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Weekly Wisdoms

Watering down God’s wrath dilutes God’s love.

In an effort to make the Gospel more seeker-friendly, some Christians avoid talking about God’s wrath, anger, and hatred toward those who have sinned against him. By watering down the wrath of God such people cheapen and diminish the love of God.

Such a faith void of God’s wrath was characterized in the early 1900s by a movement called Protestant Liberalism. In 1937, H. Richard Niebuhr, professor at Yale Divinity School, gave this description of Protestant Liberalism’s theology: “A God without wrath brought men without sin into a kingdom without judgment through a Christ without a cross.”

As Niebuhr pungently demonstrated, eliminating God’s wrath minimizes the cross, which is the ultimate manifestation of God’s love (see Romans 5:6-8).

Because God is holy, perfect, and sinless, he deserves all glory, honor, fame, praise, and exaltation. However, when we sin—and every one of us sins—we insult God’s holiness. Sin is fundamentally an offense against God, and so he hates sin and punishes all who sin against him (see Psalm 78:19-21, John 3:36, Psalm 5:5, Isaiah 13:11, Psalm 7:11).

The Apostle Paul, in Romans 1:18-19, describes the ubiquity of God’s wrath: “The wrath of God is being revealed from heaven against all the godlessness and wickedness of human beings who suppress the truth by their wickedness, since what may be known about God is plain to them, because God has made it plain to them” (see also Romans 1:18-31).

So, if we all are godless and wicked, deserving of God’s wrath, how can he accept us? Does God say, “Well, at least you’re making progress”? Does he grade on the curve: “You’re better than average, so I guess I’ll give you a passing grade”? No. God can’t forgive like that because his holiness and justice demand that perfect satisfaction for sin be made.

Instead, what God does is this: He sends his son, Jesus Christ, to bear all our sins so that our sin is paid for by Christ. What an amazing act that the very one who you hated, scorned, reviled, and scoffed at is the same one who took upon himself the death penalty you deserved, and because all your sins are placed on him God declares you righteous. That’s good news!

If you don’t realize that the bad news is that you, because of your sin, are an enemy of God who deserves the death penalty, then you won’t realize the full magnificence of God’s love for you expressed through Christ suffering the death you deserved. Because the bad news is worse than you think it is, the good news is better than you think it is.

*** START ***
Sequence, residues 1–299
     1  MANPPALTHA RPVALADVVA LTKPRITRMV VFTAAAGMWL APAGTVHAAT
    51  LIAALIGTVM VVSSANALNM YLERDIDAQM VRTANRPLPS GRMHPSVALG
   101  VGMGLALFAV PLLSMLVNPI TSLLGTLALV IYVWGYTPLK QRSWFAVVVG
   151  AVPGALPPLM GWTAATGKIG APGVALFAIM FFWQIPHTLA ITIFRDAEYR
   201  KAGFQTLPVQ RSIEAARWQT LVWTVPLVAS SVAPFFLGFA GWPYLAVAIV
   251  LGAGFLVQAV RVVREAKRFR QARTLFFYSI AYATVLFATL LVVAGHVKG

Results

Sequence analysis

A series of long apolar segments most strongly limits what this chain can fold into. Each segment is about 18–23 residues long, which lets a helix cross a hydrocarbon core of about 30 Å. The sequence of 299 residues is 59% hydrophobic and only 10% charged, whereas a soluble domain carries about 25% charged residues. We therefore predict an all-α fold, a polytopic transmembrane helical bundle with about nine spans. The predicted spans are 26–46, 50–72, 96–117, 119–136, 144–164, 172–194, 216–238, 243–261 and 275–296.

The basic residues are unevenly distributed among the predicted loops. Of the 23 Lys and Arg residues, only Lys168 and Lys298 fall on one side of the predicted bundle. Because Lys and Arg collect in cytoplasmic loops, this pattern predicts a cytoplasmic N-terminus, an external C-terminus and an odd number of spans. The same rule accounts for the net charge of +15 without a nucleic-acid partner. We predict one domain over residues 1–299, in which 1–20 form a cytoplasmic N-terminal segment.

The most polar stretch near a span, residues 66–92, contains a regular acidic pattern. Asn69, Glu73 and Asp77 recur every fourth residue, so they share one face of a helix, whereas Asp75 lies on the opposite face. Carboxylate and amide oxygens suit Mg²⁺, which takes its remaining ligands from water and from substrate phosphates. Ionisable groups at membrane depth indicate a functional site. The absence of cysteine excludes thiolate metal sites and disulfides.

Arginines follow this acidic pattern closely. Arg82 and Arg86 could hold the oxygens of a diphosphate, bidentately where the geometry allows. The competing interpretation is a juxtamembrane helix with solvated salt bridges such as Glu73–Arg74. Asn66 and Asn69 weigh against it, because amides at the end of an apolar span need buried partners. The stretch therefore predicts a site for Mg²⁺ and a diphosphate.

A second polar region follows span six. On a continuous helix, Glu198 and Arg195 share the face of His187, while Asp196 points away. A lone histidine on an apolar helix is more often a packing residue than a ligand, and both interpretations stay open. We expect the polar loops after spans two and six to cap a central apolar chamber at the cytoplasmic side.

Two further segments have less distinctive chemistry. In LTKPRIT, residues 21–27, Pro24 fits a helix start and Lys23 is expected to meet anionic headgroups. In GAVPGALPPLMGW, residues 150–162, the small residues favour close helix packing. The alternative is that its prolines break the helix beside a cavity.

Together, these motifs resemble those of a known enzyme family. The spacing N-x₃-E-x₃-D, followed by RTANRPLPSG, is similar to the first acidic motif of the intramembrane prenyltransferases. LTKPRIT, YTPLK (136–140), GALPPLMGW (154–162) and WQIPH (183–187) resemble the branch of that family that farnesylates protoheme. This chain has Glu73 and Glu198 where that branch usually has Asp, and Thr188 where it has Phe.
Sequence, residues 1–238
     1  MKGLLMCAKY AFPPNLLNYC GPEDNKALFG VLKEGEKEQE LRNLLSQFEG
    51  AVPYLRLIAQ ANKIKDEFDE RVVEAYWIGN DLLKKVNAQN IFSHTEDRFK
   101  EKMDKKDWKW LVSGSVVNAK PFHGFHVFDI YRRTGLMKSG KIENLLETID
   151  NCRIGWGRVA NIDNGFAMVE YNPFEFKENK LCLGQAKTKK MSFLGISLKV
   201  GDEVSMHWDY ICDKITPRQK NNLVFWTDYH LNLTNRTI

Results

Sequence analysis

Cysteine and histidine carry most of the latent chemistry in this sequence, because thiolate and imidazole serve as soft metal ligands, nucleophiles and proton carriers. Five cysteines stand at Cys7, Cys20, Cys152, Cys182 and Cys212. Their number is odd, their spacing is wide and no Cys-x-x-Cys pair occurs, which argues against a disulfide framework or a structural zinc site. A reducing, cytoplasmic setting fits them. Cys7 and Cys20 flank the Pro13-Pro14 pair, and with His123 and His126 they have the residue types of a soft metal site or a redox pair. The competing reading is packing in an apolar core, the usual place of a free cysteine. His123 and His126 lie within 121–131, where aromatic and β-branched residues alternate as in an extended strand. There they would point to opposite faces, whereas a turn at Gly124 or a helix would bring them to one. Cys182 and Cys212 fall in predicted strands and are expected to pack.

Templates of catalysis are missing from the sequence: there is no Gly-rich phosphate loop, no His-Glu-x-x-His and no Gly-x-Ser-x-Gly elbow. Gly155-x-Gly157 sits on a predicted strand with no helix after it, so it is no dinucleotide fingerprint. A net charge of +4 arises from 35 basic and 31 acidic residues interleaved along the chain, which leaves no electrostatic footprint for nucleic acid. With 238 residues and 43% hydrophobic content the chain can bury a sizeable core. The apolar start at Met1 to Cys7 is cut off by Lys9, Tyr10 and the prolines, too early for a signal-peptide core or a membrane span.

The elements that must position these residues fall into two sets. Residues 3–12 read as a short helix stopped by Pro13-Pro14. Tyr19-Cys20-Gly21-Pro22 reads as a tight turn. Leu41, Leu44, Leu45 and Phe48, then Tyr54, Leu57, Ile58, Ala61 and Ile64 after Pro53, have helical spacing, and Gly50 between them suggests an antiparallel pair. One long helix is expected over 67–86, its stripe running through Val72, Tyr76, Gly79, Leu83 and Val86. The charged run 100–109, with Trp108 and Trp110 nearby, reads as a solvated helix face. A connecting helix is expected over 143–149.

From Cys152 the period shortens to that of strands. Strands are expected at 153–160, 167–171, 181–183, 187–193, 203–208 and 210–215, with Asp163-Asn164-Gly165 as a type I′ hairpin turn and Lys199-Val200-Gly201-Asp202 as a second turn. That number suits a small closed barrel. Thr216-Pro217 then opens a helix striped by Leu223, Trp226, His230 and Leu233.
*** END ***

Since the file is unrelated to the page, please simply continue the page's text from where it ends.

What advertising agencies do for their clients, we’re called to do for Christ.

You’ve probably heard these slogans: “Just do it,” “Drivers wanted,” and “It’s everywhere you want to be.” And you’ve almost certainly heard of Nike, Volkswagen, and Visa; however, you probably have never heard of the advertising agencies that coined those slogans: Wieden & Kennedy; Arnold Communications; and Batten, Barton, Durstine & Osborn.

In a lot of ways, we’re supposed to be like those advertising agencies. We are called to proclaim the name of Jesus to the entire world; we’re not called to proclaim the name of our denomination, our ministry, our church, or our pastor.

Compare how often you talk about your church or your pastor versus how often you talk about Jesus.

When unbelievers see Christianity, I can’t help but wonder how many of them simply see a bunch of denominations fighting about petty issues: Contemporary vs. traditional worship? Drums and guitar vs. organ and hymns? Powerpoint slides vs. hymn book? Jeans and tee-shirt vs. suit and tie?

Instead, wouldn’t our testimony to the world be so much better if, with one voice, we proclaimed “Jesus!”? In Romans 15:9, Paul writes, Therefore I will praise you among the Gentiles; I will sing hymns to your name. Paul’s singular focus was on making the name of Jesus known throughout the world.

It’s not about your church, your ministry, your Bible study, your small group, or your denomination. Your single focus should be on shouting the name of Jesus to all peoples. Your life should be a walking advertisement for the hope, peace, and joy that’s available to all people in Christ.

 

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